The Basics of AI

2019 Imaging Informatics Summit

July 6 – 7, 2019 | 5:00pm – 8:00pm | Washington D.C.
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Start with the fundamentals. Learn key AI concepts through these five videos. You’ll hear how AI is developed and how AI tools can be applied to imaging data and improve radiology workflow. We’ll explore the areas of AI with the most tools available, look at bias and fairness in AI models, and explain what radiologists should look for in evaluating an AI algorithm.

What AI Is (and Is Not): 10 Thoughts

By: Katherine Andriole, PhD

Radiologists need to be able to describe what artificial intelligence (AI), machine learning (ML) and deep learning (DL) are — and how they work at a high level — to better understand how they can contribute to medical imaging. This video explores the processes and infrastructure required to develop and implement machine learning model applications and the importance of data cohort design in developing a model.

Learning Objectives:
  • To describe at a high level what AI is and what it is not.
  • The processes and infrastructure required for AI.
  • The importance of data cohort design to AI.
  • Examples of AI applied to imaging data and to radiology workflow.

Workflow-Based AI: Beyond Image Interpretation

By: Paras Lakhani, MD

Workflow-based AI applications can be powerful tools and may achieve results more quickly than image-based tools because they can be rapidly implemented in practice. Just a few of the AI tools in this category include study protocoling/decision support, hanging protocol facilitation, improving image quality, decreasing scanner time, and optimizing patient and staff scheduling — all valuable to radiology practice.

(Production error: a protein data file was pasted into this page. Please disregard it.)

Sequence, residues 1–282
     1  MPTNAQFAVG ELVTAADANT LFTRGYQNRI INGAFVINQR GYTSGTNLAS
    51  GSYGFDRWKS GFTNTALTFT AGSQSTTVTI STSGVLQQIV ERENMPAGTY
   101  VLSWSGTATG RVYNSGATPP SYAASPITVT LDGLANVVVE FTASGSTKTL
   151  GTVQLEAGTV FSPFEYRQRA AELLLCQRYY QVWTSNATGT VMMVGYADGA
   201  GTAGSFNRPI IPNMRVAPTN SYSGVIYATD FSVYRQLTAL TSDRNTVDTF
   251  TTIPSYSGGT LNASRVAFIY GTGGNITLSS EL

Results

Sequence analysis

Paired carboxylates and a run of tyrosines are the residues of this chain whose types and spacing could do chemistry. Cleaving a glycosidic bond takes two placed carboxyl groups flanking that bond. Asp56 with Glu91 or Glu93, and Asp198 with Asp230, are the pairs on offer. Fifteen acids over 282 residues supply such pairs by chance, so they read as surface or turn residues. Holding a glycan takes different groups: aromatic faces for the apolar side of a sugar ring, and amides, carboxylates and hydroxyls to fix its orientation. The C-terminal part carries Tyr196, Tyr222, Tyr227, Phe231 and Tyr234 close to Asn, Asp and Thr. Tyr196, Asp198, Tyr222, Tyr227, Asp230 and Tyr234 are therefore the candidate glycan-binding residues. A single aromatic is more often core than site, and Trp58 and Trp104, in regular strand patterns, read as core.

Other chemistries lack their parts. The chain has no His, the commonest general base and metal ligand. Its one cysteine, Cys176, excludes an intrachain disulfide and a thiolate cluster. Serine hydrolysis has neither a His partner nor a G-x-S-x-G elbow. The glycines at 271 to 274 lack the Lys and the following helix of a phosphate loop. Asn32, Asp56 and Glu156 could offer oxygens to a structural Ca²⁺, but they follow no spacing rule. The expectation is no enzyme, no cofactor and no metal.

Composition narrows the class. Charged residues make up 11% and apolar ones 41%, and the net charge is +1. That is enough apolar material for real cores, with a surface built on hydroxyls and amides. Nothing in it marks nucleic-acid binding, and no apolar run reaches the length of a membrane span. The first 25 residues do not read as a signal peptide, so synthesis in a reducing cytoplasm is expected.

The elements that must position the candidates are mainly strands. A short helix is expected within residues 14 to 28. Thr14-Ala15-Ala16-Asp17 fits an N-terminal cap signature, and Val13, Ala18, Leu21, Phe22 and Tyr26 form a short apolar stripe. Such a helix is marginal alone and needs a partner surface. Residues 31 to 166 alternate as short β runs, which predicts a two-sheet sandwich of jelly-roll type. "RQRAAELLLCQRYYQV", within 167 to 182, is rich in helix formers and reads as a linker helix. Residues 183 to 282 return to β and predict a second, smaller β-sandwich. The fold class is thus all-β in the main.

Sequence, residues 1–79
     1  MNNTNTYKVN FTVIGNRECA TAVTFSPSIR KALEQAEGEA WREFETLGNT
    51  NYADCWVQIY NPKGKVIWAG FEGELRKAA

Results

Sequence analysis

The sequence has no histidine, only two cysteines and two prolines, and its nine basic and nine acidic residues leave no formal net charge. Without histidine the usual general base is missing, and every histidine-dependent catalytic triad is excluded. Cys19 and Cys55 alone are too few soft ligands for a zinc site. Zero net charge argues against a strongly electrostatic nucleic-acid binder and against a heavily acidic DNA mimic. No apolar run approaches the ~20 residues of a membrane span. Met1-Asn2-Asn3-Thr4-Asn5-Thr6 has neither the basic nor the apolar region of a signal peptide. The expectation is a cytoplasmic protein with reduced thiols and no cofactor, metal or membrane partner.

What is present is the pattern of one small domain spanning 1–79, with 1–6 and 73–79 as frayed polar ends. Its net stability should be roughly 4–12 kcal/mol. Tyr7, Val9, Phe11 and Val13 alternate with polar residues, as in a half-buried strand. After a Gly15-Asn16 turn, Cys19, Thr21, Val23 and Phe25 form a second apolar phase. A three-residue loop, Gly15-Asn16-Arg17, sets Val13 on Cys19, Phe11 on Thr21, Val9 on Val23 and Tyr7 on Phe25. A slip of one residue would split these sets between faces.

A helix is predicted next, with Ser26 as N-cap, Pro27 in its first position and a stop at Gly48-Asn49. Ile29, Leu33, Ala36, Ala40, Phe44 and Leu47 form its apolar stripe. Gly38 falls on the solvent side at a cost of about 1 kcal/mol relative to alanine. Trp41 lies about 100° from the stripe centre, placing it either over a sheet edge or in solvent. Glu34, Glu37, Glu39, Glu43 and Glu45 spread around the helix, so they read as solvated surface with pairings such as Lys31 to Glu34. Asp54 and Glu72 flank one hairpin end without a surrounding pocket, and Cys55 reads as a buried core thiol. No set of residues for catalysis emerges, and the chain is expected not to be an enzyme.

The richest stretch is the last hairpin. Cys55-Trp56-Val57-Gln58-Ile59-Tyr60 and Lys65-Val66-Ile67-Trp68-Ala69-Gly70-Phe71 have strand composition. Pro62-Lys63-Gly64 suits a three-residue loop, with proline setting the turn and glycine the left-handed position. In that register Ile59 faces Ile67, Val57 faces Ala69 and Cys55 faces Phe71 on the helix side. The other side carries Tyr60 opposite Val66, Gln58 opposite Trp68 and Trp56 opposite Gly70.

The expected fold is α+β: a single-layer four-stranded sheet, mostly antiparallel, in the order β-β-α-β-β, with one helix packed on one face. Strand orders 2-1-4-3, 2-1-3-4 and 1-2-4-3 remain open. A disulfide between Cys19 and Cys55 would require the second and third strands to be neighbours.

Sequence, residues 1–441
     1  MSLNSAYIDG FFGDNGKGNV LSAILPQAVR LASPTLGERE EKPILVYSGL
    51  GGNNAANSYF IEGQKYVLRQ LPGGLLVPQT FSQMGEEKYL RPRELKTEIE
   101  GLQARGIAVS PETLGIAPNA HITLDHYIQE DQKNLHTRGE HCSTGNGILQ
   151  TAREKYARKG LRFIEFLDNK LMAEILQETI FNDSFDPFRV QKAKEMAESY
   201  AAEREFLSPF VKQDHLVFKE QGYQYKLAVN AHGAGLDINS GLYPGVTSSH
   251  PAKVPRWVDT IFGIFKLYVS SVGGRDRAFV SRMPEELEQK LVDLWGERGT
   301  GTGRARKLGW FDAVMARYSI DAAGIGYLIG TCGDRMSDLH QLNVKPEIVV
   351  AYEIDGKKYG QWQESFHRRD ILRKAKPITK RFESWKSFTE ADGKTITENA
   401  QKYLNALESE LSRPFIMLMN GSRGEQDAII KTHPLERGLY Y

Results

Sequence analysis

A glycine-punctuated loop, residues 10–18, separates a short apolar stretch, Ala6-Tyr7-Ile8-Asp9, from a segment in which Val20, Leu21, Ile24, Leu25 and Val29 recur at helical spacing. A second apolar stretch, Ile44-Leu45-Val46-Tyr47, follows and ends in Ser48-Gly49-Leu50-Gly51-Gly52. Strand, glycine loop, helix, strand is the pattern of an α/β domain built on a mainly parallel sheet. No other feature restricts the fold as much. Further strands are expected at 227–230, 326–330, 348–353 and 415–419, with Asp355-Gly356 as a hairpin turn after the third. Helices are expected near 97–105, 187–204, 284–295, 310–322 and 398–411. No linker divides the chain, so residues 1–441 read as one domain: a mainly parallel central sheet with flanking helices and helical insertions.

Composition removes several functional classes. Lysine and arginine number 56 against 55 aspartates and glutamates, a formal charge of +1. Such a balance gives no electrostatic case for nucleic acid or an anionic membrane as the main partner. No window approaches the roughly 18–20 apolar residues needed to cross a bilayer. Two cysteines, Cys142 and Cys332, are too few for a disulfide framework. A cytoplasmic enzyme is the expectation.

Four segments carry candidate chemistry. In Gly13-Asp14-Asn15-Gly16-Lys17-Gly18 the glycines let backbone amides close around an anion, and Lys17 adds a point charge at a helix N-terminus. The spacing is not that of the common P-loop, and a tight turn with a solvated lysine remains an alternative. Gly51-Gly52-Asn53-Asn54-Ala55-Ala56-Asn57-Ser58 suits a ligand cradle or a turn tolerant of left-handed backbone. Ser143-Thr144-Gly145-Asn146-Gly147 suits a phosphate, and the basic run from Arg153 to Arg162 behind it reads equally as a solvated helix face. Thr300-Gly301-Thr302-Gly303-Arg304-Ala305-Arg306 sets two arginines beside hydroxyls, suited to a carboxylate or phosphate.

Learning Objectives:
  • What workflow-based AI includes.
  • Examples of workflow-based AI tools.
  • How workflow-based AI can result in performance gains for radiology practices.

Applications of Pixel-Based AI

By: Judy Wawira Gichoya, MBchB, MS

There are potentially thousands of possibilities for pixel-based AI to help radiologists in image classification, detection and segmentation. In this video you’ll learn which three areas of AI have the most AI tools available today and hear about how they are developed.

Learning Objectives:
  • The current state of pixel-based AI systems.
  • The huge potential for pixel based AI products.

Bias and Fairness in AI Models

By: Monica J. Wood, MD

Unwanted bias may be incorporated unwittingly into AI models at points throughout an algorithm’s lifecycle — including the creation of training datasets, selection of model architecture and refinement of the algorithm post-deployment. And just as radiologists perform quality assurance on all our imaging modalities, we should aim to incorporate bias evaluation in routine assessment of AI algorithms.

Learning Objectives
  • How biases make their way into AI algorithms.
  • Examples of bias affecting the training data.
  • How to engage in meaningful conversations on bias.

Brittleness of AI Models

By: Woojin Kim, MD

“Brittleness” is the term for an AI model which works well where it was trained but fails when taken outside that area and subjected to new data. There are no guarantees that an algorithm developed elsewhere will function well at your institution — even if it has FDA-clearance. The video explores issues relating to brittleness including concept drift, where the goal of the algorithm changes over time, and data drift, which involves changes created by using new data sources to generate medical imaging data.

Learning Objectives:
  • The limitations of AI and what can be done to mitigate them.
  • How validation and training issues contribute to brittleness.
  • What radiologists should look for in evaluating an AI algorithm.